Monday, June 10, 2019

DAY 068 -- "Bantu The Sailor Man"

Ta-Da! (just because life needs more “ta-da’s!” these days).

Returned to chemotherapy today, and we did resume the regimen with a couple of med dose changes (as we’ve discussed, doc is playing it conservatively, onco-walking the I&I tightrope (Immunosupression or Infection), and my side-effected innards are almost back to normally outwards.

Some of my lab numbers are low, some high, but we needn’t get specific, unless you’re med-geek driven by hard data. For those amongst you who simply must know, let’s take my basophils, one of the several types of white blood cells we all have.

My basophils count today is 0.0 (it should register between one percent and two percent of my WBC (white blood count), coming in at zero to 0.3 cubic millimeters.

Basophils too low? Higher risk of infections.
Too high?  Lower immune power.

That’s the I&I highwire: my always walking and sitting two-tiered pyramid.

One backstroke bug in the soup today, as my IV insertion site blew (it happens) and the site infiltrated quickly. The fluid went off into the tissues, and because I was distracted at the time, wracking my brain for the five-letter answer to my ever-present infusion unit crossword puzzle, the clue for “Zulu language group,” I didn’t notice my arm until it looked like half a topside Popeye.

But, strong to the finich, and without the spinach, I recovered. Hot packs were applied, and a new site, opposite arm (four attempts and three nurses later), was inserted. Pre-meds and chemo drugs finished running-in successfully, and before I left  the unit (for the crossword geeks who I’m sure were one hand and arm ahead of me here), “Bantu” popped in my head and I finished the puzzle.

I took the rap for the arm bomb. I’m guilty of not drinking enough overall (more important when cancer and cancer treatments are in the big mix), thus my blood plumbing isn’t as optimal as it might be.

BUT, we’re back in the treatment groove, balancing in the air.

I biffs ‘em and buffs ‘em
and always out roughs ‘em
and none of ‘em gets nowhere

… I’m Bantu the Sailor Man.

More as we go,

Wednesday, June 5, 2019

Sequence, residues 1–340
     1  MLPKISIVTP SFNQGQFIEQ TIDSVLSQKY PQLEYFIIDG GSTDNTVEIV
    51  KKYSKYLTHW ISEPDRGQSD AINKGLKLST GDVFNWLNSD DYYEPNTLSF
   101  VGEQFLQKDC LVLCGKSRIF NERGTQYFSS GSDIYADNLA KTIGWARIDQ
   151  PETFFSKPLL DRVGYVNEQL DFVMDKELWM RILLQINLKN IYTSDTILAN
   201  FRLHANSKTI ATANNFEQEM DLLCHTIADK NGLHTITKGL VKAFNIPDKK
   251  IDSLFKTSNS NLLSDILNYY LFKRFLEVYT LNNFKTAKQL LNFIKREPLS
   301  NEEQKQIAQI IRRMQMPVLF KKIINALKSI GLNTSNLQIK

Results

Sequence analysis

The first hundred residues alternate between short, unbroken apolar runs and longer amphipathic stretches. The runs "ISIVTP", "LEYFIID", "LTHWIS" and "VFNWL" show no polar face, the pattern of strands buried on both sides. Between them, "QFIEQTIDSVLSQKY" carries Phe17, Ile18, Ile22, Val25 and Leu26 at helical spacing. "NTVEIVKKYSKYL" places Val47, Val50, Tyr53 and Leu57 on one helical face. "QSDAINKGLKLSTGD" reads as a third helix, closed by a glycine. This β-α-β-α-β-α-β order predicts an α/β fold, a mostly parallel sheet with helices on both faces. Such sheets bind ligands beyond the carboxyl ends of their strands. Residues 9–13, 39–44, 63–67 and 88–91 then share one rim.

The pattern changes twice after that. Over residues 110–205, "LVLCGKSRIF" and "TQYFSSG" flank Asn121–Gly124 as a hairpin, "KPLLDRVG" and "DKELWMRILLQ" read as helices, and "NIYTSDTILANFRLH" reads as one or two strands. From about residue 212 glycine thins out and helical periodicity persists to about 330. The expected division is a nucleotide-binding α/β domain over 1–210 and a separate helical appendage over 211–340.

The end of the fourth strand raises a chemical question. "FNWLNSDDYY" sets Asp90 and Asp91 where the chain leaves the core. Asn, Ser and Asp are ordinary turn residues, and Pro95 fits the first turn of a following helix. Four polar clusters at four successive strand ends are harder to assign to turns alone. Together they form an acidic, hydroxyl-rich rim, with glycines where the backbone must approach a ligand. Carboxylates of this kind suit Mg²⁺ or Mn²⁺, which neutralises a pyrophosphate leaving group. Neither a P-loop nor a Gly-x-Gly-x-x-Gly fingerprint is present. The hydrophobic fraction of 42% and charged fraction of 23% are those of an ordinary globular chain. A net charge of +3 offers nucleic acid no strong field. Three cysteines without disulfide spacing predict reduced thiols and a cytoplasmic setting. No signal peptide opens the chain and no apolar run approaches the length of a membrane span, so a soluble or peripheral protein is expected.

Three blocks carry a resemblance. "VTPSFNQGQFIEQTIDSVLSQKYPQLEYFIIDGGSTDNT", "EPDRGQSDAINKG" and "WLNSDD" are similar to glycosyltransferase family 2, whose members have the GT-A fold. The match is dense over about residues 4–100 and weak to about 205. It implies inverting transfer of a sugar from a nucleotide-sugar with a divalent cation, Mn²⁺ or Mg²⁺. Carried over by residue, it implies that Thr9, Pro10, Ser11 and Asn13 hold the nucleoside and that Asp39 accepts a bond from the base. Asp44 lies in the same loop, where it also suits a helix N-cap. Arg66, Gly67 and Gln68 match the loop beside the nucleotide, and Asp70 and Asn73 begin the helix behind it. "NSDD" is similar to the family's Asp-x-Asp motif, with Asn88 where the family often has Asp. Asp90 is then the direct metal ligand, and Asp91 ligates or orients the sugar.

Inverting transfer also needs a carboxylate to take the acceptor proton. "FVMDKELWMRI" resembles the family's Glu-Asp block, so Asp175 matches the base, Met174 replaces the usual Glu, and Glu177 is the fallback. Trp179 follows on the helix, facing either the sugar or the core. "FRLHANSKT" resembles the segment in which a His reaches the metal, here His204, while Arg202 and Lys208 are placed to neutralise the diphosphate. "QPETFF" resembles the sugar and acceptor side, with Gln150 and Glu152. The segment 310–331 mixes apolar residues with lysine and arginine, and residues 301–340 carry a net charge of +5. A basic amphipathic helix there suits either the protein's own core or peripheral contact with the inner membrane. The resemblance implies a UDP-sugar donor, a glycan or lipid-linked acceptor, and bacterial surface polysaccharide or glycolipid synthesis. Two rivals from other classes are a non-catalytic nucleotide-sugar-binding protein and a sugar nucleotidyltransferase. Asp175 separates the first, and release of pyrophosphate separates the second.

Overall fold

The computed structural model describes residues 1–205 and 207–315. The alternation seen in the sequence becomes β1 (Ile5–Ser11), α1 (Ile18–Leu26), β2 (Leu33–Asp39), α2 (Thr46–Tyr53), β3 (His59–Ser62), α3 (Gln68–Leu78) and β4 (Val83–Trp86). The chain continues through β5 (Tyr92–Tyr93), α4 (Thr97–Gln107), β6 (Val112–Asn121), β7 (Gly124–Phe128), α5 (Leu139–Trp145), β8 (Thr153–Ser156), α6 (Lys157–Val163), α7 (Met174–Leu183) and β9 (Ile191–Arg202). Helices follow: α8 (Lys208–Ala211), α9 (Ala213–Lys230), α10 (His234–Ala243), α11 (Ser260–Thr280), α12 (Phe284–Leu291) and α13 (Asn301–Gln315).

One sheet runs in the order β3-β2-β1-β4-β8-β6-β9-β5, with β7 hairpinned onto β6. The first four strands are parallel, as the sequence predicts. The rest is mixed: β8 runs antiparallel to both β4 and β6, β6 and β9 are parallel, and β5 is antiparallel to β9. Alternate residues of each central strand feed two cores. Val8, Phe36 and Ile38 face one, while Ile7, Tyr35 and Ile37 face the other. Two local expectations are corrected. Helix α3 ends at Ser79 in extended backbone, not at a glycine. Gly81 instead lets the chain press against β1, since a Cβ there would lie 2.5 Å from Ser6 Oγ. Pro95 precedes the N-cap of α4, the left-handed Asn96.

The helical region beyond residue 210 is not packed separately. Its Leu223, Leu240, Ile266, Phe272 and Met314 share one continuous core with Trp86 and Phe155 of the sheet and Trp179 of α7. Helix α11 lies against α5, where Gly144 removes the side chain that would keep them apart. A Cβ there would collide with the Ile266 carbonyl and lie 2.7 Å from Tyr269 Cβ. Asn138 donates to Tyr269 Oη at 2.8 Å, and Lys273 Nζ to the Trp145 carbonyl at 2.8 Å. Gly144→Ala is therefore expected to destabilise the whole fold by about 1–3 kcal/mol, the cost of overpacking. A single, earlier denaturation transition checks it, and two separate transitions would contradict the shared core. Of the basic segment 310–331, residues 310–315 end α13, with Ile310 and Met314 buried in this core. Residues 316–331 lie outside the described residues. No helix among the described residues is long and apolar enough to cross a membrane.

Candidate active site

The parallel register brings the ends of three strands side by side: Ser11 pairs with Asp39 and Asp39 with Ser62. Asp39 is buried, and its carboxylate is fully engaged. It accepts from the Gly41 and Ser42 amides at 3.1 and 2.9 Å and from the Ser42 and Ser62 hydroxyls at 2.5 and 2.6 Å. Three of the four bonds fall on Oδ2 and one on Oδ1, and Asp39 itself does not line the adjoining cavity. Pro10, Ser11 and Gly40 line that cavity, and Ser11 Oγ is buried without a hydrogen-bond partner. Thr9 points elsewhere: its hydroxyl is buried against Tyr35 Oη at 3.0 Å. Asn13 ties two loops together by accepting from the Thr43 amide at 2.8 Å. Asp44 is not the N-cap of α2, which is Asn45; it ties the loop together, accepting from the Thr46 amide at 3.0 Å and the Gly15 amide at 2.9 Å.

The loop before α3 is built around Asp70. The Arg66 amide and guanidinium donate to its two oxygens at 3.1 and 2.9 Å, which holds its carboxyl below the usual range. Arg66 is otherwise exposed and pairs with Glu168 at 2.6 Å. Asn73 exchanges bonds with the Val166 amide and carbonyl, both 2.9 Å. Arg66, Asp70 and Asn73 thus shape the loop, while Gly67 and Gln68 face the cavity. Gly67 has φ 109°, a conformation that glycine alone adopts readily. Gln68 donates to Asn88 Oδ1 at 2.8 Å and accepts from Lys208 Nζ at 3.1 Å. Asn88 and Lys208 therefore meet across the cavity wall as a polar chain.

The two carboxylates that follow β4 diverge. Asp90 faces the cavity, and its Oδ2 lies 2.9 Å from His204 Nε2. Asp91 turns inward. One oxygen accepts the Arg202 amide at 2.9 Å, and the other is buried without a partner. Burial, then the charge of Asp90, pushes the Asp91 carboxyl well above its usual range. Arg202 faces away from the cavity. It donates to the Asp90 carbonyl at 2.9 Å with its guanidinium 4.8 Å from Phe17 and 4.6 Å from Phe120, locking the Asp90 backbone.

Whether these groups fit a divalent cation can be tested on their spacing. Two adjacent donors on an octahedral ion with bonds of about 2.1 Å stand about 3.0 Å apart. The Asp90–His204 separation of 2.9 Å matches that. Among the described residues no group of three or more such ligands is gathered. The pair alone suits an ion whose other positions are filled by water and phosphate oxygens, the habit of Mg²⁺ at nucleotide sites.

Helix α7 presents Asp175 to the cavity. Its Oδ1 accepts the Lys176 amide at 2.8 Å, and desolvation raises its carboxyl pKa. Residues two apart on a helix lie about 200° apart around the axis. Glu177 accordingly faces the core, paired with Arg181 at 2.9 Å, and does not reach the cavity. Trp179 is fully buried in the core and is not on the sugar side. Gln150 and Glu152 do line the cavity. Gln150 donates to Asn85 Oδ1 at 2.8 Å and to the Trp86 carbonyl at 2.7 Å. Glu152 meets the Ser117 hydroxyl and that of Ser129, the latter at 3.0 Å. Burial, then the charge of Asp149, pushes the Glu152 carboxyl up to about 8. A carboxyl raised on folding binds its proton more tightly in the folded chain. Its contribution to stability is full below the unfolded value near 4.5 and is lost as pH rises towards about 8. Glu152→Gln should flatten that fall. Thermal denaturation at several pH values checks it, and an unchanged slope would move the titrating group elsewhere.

DAY 067 -- "Watching The Door"

Now comes the next day, a few weeks later . . . .

You’ve adjusted to my timeline by now, realizing some time ago how we will compress or expand the timeclock and calendar in this cancer chronologue. Sometimes, we even move laterally; let’s just call that “pacing ourselves.”

I’ve learned, and am still learning in this life, that rigidity and attempting to always make everything a proper, snug and sequential fit will lead to constant disappointment, frustration, and ultimate madness.

Eventually, if we hold on too long to unyielding willfulness, if we leave no room to flex and embrace success AND failure, we’ll live to find ourselves stuffing sugar packets into bras and wearing two left laceless sneakers (taken from the miles I’ve spent pushing med carts down nursing home hallways.)

If you go along here suspecting that today was more than a yesterday or two late and/or out of synch? Let go of it. I have. The facts re-form to fit without compromising the tale.

Since our last outing on Day Sixty-Six, this has been such a sidewise pacing.

 Due to a change in my bowel functions (an immunodrug side-effect) that has been particularly nagging and disruptive, the Doc has held further chemotherapy treatments, though I’ve kept my infusion appointments to check labs, vitals, receive some supplemental IV hydrations and another dose of Remicade, a TNF (tumor necrosis factor) blocker which is used to treat everything from psoriasis to colitis.

In my case, it was nearly miraculous in bringing me back from the brink (Day Sixty-Four), and it’s not unusual to need follow-up treatments with same.

I’ve responded slowly, however, and today, we’re still not quite there. If you’d prefer TMI metaphorical over medicinal, let’s just say that my bowels are still acting like a cat not quite through licking the bowl.

But, the Doc is pleased with my labs, and I left the infusion unit today with tweaks to my steroid and antibiotic doses. There’s a delicate balance with the dynamics of immunosuppression and infection risks, so Doc moves with targeted caution.

We plan to resume my chemo regimen for the lung tumor next week. On my way out, I was served a plate of sugary blueberry cake, compliments of a fellow infusee “graduating” from his treatment today.

That cake may lead to harder stuff, but I risked it.

The latest MRI brain scan result showed no change there, and both my oncologists chimed “we’ll take that any day,” but my lung tumor had shown some small degree of shift/growth.

That made me feel like the trip down inside the elevator, watching the door: the light-muted surface showed only my blurred reflection, hardly recognizable, but it opened enough to deliver me for the next time in the right place.

More as we go, El   

Most popular posts (so far)